Planks are an isometric exercise. This means that your joints don’t change angles during the movement. Rather, you maintain the same position, keeping your muscles tensed the whole time. Isometric exercises, such as planks, are great for building muscle endurance and strength.

How to Perform:

  • Place your forearms and toes on the floor, keeping your back flat.
  • Tighten your abs and glutes as hard as you can.
  • Hold this position for 3 sets of 30 seconds to 1 minute to start. As you get stronger, continue to increase your time spent in the plank.

3. Bird Dogs

This movement is extremely challenging for many people due to the unique balance demands inherent in the exercise. To properly perform the bird dog, you need to have strong stable muscles all throughout your core.

But if you don’t have much strength in this area yet, you’ll build it up quickly by simply working on your bird dogs regularly.

How to Perform:

  • Start on your hands and knees, with your knees right below your hips and your hands right below your shoulders.
  • Reach your right arm out in front of you as you simultaneously extend your left leg back behind you.
  • Hold this position for three seconds, then return to the starting position and complete on the opposite side.
  • Complete 3 sets of 10-12 repetitions per session.

4. Hollow Holds

Hollow Holds

Much like planks, hollow holds are an isometric exercise. A slight variation of this move is also seen in yoga classes, but in that setting, it is known as the “boat pose”.

How to Perform:

  • Lie flat on your back with your legs out straight and your arms extended all the way overhead.
  • Next, lift your legs a few inches off of the ground as you simultaneously flex your trunk off of the floor.
  • At this point, you should be in a slightly curved position, with your low back and hips on the ground and everything else held up.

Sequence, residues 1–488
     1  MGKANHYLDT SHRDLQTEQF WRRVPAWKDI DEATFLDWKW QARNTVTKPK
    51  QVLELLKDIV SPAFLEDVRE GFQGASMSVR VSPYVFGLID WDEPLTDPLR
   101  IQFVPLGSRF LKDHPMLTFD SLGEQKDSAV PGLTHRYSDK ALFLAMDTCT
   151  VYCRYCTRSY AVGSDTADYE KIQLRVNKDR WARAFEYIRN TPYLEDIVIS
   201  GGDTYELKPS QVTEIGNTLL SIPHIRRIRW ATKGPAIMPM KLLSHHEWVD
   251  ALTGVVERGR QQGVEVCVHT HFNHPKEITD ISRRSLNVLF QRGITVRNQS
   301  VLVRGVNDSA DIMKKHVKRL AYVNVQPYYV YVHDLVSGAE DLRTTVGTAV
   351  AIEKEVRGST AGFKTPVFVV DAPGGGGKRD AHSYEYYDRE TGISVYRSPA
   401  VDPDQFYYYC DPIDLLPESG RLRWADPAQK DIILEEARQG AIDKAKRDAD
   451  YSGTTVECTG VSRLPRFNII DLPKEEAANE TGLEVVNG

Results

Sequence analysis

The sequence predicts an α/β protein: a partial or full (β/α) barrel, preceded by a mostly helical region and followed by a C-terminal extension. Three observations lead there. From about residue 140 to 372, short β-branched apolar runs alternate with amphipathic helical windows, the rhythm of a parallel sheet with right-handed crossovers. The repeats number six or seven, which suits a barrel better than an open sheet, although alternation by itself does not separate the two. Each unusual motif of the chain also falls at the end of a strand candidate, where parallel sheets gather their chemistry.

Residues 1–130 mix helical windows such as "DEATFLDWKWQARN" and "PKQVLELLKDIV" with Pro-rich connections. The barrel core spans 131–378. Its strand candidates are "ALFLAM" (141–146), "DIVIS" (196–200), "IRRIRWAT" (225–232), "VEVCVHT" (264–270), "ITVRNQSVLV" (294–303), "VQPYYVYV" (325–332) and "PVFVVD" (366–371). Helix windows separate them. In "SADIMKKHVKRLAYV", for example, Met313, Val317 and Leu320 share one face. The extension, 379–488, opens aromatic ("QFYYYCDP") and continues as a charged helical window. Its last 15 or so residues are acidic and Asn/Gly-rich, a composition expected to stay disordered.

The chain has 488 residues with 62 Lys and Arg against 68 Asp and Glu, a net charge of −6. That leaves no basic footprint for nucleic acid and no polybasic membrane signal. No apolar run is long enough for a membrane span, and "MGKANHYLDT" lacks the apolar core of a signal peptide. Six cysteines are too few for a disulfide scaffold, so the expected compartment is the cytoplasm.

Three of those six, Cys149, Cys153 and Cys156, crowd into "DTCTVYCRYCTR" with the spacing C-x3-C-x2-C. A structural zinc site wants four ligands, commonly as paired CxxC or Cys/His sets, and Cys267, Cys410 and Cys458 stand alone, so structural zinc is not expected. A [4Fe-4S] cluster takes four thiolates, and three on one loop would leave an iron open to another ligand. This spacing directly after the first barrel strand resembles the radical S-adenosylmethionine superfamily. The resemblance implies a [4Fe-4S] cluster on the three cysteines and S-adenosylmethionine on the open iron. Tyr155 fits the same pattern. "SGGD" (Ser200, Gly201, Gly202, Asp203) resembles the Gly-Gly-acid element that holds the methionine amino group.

• Hold this position for 10 seconds, rest for 10 seconds, and repeat 10 times per session.

5. Windshield Wipers on Pull-Up Bar

Once again, you will need a pull-up bar to complete this exercise as it is described below. However, if you can’t access one, this move can be performed easily on the ground while lying on your back.

How to Perform:

  • Grasp the bar with whatever grip is most comfortable for you.
  • Keeping your knees straight, bring your toes up to the bar.
  • Then, allow both of your legs to fall to the right side while keeping your hips flexed.
  • Next, flip your legs up and to the left side.
  • Alternate between the left and right sides, mimicking the motion of a windshield wiper.
  • Complete 10 reps on each side for 3 sets per session.

6. Side Plank with Leg Raise

Side Plank with Leg Raise

This exercise provides an isometric stimulus for the oblique muscles. Furthermore, this move can improve balance by forcing you to stabilize on a narrow surface: one arm and one foot.

How to Perform

  • Lie on your left side, with your right foot stacked on top of your left.
  • Next, place your forearm on the floor.
  • Lift your hips and trunk off of the ground so that you are holding yourself up, in a straight line, using only your left foot and your left forearm.
  • Hold this position for 30 seconds and repeat 4 times on each side per session.

7. Teapots 

Teapots 

Teapots provide a great stimulus for increasing oblique strength. This move uses an asymmetric setup in order to increase the activation of your core muscles.

How to Perform:

  • In standing, hold a weight in your right hand.
  • Next, tip toward your right side.
  • Then, stand back up straight by tightening your core muscles.